I don't have time to get to bookstores much, but I can get an eBook online in 30 seconds. Also, I've got currently about 300 books in my reader (4GB card) - I don't have a real plan for what to read next, I just keep a few dozen things on there and pick one when I finish the last book. It's nice to be able to pick any book out of the library while waiting for an appointment or at lunch.
As for "useless when the power is out" - a charge on the Sony reader will last 7500 page turns, which is about 10 good-sized novels (there's not quite as many words to a page on the Sony). It's true, if you can't get near any kind of power for the time it takes you to read 10 full novels, you'll run out of power. This isn't a huge problem for me, maybe others live in the woods or often have power outages that last a week or two (or perhaps they read more than 2 or 3 novels a day). Personally I take mine on 2 week vacations and don't bother to pack a charger.
I find it much more comfortable to curl up with the Sony reader than with a paperback. I don't have to hold the thing open, and I don't have to shift around every other page to read the left, then the right page, when I'm lying down.
BTW, count me as a huge fan of Baen books. I give them as much money for ebooks as I can, for they're about the only company that "gets it" - non DRM books (which I respect and DO NOT share) for cheaper than paperbacks, usually $4 or so, and I bet if any extra is made from the eBook, Baen passes a chunk of it to the author, because they're an ethical company.
@Matt - NO common book being printed today will last more than perhaps a hundred years or so. Even after 50 years, paperbacks are looking pretty ratty; the cheap paper just falls apart.
other missing planes
IIRC, at least most of those other planes had been missing for decades - before the advent of satellite imagery for S&R operations. If they had gone down in the last 10 years they probably would have been found before now.
Right after Fossett's disappearance they ran an online distributed eyeballs search of the satellite imagery, which I participated in. I don't think it's likely that they missed anything; even cars were easily visible, and the trees in the area weren't dense enough to have hidden a recently-crashed plane.
My favorite device
I've had one for a couple of months, and my reading has gone far up as a result. I find it much more comfortable to use than a paper book; easier to hold and just as easy to read. It keeps my place in any number of books without me worrying about it. It boots up faster than I can open a book. I find I read faster and more comfortably on this than on paper, and I can get more curled up with it because I don't need to move much to change pages, and I don't have to fumble to turn only one page as I do with some books. I bicycle to work and this is easier to pack than a hardcover and fatter softcovers, plus I have several hundred books on hand if I tire of what I'm reading.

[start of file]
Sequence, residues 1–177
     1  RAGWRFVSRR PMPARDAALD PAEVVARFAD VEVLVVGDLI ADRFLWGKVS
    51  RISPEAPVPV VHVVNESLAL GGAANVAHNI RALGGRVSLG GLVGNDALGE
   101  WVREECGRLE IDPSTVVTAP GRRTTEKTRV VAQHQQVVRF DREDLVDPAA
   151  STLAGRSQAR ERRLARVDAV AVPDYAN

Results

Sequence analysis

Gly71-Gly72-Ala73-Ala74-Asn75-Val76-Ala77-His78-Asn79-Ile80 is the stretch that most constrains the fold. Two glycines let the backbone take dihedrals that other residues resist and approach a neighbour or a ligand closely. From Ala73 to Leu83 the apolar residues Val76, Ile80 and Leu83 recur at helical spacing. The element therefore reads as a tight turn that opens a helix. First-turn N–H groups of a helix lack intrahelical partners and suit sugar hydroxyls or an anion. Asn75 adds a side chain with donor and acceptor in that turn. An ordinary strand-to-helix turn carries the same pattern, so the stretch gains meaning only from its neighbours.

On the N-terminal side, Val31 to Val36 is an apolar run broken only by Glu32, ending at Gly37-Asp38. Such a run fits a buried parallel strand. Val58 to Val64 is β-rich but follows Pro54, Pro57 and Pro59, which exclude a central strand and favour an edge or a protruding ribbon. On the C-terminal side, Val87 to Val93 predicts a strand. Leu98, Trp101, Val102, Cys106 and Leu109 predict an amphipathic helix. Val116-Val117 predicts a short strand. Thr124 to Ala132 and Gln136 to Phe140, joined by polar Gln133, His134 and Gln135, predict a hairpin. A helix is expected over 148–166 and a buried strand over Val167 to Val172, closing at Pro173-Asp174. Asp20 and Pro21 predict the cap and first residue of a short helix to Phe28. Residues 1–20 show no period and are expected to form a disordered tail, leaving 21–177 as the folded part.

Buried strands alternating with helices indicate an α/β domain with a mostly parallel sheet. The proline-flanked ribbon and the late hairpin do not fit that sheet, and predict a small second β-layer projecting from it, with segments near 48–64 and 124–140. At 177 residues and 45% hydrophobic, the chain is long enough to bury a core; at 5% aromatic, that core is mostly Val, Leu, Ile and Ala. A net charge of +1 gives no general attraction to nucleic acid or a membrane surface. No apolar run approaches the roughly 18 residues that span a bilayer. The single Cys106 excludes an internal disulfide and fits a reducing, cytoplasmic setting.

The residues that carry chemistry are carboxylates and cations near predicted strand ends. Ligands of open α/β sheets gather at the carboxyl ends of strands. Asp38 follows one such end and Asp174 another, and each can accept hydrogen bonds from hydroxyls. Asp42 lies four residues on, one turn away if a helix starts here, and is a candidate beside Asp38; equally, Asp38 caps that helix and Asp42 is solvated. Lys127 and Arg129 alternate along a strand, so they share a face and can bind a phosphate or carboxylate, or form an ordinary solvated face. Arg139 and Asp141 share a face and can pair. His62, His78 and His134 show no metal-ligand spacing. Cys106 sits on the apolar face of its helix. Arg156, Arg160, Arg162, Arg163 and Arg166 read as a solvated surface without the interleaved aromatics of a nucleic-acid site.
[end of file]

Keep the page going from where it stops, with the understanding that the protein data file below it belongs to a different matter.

Since buying this, I have only read things that are published in OPEN digital formats, or pirated copies of books that I own a legal paper copy of. I finally got around to reading HP book 7 on this while camping; the actual paper book was too big to bring with, and also whenever I bring a paper book camping, it's ruined by the time I get home due to the humidity curling the covers. No problem with that here.
I'm really hoping the publishing industry gets a clue soon; there are a lot of books available for the Kindle, for instance, that aren't available for any other reader. Personally I really want non-DRM content; it'd have to be quite a book to buy a DRMd version (I can't think of a book I want that bad offhand).
Some comments on comments
PDF sucks because PDF is a page layout format, and does not reflow with different sized devices. It's not a suitable format for any device which can't display in the format the page was intended for. There are solutions; you can run the PDF through software to make the PDF "flowable" or you can convert the book to another format - there are very user-friendly, free programs to do this.
My battery life has been very good with this. I typically only charge it every couple of novels, and I've never had the battery get below about 1/3 charge or so, so I assume I could get 3 novels read, at least. A faster reader than me should be able to get more than that.
This has been the case for a long time
I owned part of a PC clone making shop 15 or so years ago. For our own use (personal and in-shop) we would buy returned merchandise from our suppliers at about 25 cents on the dollar. About 75% of that was OK, and that was from a wholesaler. People would order stuff then just not want it, or not understand how to use it, or decide it didn't do what they wanted, and claim it was 'defective'.